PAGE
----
DEAD RABBITS
"Sin-Eater"

(Overit Media)

01. Open Season
02. Trust
03. Once Upon A Cross
04. Till I Die
05. Miles Away
06. Sleep
07. Away From The Sun
08. Neurotic Fanatic
09. Manic Depression
10. Fly On
11. Untitled
12. Day By Day
13. No One Else To Blame
14. Dead Rabbit Space
15. Fortunate Son
16. Paegen Love Song
17. Little Wing

RATING: 7.5/10

Odd name for a band and the style isn't even grindcore or death metal, but there has to be a riveting story behind it. Fortunately, the music on debut album "Sin-Eater" from New York based DEAD RABBITS is quality southern fried hard rock and metal in the vein of CORROSION OF CONFORMITY and BLACK LABEL SOCIETY. Aside from a rhythm section that could stand to be mixed with more thud and pop, the tunes are well written, the riffs are sharp and nasty, and the solos burn hot.

The seeds of DEAD RABBITS were planted in 2000 when vocalist/guitarist Mike Maney (former STIGMATA) started a one-man studio project and eventually enlisted the assistance of former STIGMATA member Jason Sunkes on guitar/vocals. With drummer Daniel Dinsmore and bassist Brendan Slater (ex-THE CLAY PEOPLE) rounding out the lineup, the quartet got down to the business of kickin' ass and takin' names.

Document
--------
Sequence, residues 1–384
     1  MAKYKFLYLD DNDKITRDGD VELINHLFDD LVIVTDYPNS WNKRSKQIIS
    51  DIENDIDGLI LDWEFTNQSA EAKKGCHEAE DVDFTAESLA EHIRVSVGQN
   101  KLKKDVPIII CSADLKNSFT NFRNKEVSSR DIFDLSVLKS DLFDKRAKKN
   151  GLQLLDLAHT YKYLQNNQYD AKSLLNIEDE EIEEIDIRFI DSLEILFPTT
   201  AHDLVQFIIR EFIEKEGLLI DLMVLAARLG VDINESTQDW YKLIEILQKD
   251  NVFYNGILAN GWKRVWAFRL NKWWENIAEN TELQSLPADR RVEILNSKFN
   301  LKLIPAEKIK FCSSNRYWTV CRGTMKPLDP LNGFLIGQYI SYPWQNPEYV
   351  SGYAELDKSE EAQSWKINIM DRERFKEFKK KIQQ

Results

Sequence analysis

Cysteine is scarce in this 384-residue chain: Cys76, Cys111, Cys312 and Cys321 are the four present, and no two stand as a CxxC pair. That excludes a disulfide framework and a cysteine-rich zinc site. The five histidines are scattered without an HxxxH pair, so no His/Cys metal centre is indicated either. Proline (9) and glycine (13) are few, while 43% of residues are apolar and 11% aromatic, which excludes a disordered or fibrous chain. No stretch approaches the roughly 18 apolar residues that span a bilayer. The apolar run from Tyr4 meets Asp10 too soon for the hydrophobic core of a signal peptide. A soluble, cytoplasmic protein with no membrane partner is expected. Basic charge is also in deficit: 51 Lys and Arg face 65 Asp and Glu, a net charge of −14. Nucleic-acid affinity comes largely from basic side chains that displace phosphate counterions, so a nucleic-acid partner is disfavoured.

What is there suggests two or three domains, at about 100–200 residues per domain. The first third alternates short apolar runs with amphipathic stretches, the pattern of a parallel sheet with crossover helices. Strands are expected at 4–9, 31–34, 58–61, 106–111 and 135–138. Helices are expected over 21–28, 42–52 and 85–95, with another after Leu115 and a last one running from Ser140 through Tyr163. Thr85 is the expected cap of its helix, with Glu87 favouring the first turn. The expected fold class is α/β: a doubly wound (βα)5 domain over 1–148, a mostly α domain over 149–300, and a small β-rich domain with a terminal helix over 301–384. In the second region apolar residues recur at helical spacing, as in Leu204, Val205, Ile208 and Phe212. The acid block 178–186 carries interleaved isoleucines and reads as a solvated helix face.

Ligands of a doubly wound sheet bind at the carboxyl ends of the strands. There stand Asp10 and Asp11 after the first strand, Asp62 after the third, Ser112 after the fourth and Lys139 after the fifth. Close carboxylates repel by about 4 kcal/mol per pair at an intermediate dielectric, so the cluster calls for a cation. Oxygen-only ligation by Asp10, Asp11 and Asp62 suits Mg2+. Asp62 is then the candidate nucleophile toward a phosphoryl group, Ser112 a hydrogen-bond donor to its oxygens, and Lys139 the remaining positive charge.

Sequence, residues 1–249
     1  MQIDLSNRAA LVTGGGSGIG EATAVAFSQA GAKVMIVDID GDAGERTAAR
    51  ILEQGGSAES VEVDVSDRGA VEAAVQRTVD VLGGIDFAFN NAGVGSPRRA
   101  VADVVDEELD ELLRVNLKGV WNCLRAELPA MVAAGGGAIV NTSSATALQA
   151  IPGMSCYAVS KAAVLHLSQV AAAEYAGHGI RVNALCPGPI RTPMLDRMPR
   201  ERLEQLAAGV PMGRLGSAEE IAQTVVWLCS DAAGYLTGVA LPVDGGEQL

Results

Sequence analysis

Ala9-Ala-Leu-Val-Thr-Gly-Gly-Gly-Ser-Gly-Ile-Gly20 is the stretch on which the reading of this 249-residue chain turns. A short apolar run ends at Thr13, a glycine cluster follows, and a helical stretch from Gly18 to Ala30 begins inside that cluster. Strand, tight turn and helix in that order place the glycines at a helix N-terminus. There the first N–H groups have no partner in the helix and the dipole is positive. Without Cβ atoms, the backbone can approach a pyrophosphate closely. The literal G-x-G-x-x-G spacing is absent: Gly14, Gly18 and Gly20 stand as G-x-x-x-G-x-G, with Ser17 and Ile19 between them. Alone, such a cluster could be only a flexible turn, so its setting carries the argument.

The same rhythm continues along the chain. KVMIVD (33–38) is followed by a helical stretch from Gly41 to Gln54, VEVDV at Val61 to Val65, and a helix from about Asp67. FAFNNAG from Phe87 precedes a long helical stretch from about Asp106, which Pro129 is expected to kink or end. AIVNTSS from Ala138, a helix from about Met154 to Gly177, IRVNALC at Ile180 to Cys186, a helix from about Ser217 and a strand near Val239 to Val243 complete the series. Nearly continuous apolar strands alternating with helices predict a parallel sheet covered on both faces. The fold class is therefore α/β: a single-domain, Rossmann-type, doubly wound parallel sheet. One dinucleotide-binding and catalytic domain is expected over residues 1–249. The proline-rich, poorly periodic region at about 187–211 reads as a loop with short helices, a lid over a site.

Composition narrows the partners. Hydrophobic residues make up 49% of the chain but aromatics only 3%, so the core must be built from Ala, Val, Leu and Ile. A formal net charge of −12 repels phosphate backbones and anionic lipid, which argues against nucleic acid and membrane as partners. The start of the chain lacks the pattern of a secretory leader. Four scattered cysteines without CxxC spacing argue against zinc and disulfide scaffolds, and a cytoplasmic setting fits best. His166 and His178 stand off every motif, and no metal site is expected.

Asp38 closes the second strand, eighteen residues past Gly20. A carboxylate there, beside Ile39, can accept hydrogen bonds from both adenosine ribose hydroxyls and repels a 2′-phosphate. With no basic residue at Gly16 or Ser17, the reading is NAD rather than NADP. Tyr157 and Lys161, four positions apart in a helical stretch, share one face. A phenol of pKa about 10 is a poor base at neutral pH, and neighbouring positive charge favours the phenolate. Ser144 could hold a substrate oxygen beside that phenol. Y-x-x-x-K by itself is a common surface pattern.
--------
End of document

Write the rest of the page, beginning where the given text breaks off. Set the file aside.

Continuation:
The first thing many will notice is how similar Maney's vocals are to MONSTER MAGNET's Dave Wyndorf. Maney has one of those voices that are perfect for the musical style heard here. The aforementioned COC comparison is most evident in the guitar tone and style. One only needs to hear a song like the mid-tempo "Once Upon the Cross" with a riff that would not be out of place on "Deliverance" and features a slow-burn pace that smolders and chills at one. The same goes for the quicker paced "Till I Die", a song most worthy of getting that oversized head of yours moving back and forth in a steady motion. "Neurotic Fanatic" features an opening riff that bites like vintage NUGENT, as well a sleazy blues-based groove. A boogie slammer called "Day by Day" picks up the pace and goes for a Pepper Keenan style vocal on the verse, while "Fly On" delivers straight forward southern rock with a memorable chorus. A well-chosen cover of JIMI HENDRIX's "Manic Depression" was begging for the DEAD RABBITS treatment. Toss in a handful of hidden cover tunes like CREEDENCE CLEARWATER REVIVAL's "Fortunate Son" and JIMI HENDRIX's "Little Wing" and the result is a strong debut from a band that has this style down cold.

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